Davis MK 15 Master Sextant - A quality plastic sextant for professional use, made from high impact, weather resistant plastic with salt-spray resistant mirrors.Features:• Large, easily adjusted mirror...
ASTRA 3B DELUXE METAL SEXTANT A top class metal sextant with crystal clear 3.5x40 telescope and split view mirror collecting ample light for star sights, making sights easier, 3 horizon and 4 index sh...
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The sextant is the instrument that the GPS has replaced, much to the relief of the uninitiated who regard it with a mixture of respect and incromprehension. Although indeed somewhat complex and intimidating to use, It's function is quite simple, it measures an angle.
The ancestor of the sextant was the kamal, a rudimentary instrument used by Arab Navigators from the time of Sinbad the Sailor. Used to find a predetermined latitude or to maintain a course on one for latitude sailing, it consisted of a small wooden plate with a knotted string attached. The string was held between the teeth and stretched taut, while the bottom of the plate was aligned with the horizon and it's top with the North Star. The length of the string determined the proper angle for the desired latitude, and this length was itself determined by choosing the proper preset know to hold between the teeth.
The Cross Staff (also called Jacob's Staff) is a variation of the kamal which allows angles to be measured with better accuracy. It was this instrument that the European navigators used during the Age of Discovery.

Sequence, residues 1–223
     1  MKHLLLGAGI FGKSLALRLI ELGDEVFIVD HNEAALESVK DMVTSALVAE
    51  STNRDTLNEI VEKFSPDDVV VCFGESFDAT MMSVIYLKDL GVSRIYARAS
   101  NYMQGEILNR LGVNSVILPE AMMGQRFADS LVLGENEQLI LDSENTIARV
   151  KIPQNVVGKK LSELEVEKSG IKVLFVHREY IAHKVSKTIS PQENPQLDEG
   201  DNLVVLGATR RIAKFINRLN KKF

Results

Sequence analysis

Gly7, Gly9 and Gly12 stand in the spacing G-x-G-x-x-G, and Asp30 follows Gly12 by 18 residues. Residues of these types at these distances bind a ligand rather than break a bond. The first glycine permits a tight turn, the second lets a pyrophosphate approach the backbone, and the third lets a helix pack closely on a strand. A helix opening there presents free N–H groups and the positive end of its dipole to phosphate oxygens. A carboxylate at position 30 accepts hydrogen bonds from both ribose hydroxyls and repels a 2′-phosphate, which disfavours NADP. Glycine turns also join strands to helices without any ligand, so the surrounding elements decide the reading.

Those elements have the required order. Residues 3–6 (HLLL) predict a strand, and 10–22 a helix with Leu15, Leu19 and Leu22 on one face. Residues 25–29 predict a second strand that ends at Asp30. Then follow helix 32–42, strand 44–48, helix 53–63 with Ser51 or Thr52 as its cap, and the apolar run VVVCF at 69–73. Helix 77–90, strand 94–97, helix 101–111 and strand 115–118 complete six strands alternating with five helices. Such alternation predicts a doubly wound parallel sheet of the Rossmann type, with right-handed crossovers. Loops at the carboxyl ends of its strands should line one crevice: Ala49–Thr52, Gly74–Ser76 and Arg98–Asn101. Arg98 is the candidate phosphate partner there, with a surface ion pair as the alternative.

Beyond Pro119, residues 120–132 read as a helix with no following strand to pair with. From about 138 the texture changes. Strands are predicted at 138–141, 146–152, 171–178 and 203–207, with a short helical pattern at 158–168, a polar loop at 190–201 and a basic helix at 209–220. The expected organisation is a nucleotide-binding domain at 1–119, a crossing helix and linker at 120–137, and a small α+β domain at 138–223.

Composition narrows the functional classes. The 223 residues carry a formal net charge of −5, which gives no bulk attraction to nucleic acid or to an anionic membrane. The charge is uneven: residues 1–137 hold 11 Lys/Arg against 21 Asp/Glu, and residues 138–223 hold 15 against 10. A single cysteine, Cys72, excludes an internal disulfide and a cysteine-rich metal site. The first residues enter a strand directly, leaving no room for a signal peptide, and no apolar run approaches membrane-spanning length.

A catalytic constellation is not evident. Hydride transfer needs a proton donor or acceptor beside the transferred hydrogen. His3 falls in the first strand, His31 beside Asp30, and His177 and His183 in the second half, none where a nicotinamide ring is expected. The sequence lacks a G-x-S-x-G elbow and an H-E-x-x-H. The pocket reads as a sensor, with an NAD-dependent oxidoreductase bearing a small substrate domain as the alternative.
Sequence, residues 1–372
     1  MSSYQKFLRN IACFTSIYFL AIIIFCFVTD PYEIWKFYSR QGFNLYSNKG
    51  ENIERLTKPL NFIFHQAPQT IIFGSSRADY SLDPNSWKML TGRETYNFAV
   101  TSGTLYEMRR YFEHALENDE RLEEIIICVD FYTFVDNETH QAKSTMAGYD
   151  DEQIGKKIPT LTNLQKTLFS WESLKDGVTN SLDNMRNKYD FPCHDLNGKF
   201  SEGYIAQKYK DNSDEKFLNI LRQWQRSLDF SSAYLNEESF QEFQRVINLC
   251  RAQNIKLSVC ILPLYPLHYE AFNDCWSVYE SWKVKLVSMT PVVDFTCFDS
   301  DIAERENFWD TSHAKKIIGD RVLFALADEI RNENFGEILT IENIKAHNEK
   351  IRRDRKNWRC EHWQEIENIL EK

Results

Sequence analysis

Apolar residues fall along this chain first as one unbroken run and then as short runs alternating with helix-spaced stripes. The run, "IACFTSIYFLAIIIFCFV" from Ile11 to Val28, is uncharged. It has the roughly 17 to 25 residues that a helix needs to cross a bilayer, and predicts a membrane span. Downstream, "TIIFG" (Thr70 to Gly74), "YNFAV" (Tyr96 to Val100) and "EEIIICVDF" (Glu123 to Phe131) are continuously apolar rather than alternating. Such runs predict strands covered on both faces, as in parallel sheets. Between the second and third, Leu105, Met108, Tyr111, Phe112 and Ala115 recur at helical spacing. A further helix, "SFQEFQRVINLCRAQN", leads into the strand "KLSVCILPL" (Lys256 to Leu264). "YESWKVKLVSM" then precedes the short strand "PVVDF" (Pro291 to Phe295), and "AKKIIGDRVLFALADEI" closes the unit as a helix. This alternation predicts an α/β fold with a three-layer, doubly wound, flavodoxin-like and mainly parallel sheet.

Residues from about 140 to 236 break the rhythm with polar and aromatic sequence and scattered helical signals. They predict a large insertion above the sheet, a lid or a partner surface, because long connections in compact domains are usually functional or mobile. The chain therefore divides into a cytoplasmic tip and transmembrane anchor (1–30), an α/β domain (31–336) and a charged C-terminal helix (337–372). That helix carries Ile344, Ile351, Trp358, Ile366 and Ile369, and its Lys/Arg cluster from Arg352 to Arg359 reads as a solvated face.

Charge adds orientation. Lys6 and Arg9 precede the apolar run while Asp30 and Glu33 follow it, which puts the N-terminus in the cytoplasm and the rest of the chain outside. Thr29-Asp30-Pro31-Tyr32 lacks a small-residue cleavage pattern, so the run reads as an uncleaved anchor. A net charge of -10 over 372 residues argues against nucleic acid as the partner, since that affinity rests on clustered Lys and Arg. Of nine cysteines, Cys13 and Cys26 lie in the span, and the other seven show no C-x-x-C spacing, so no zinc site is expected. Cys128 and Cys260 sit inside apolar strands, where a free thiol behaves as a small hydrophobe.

The Problem with these ancient systems for measuring angles is that one has to sight in two directions at once: towards the horizon and towards the celestrial body. This is especially difficult from the deck of a moving boat because, as one's gaze moves from one direction to the other, the initial alignment is easily lost. In theory, the astrolabe solves this problem by acting as a pendulum to supply the vertical (instead of using the horizon): only one direction has to be sighted. On land, this became the instrument of choice, but it's use is very imprecise at sea because of the boats movement.
It was John Hadley who found the solution in 1730, thanks to an ingenious optical system combining the two directions to be sighted. The horizon is sighted through a semi-transparent mirror onto which the celestrial body is projected by means of a second mirror.
The second mirror is movable and adjusted to align the celestrial body with the horizon. When this is done, the height (altitude) of the celestrial body (angle C in the figure) is given by twice the angle between the two mirrors (angle D).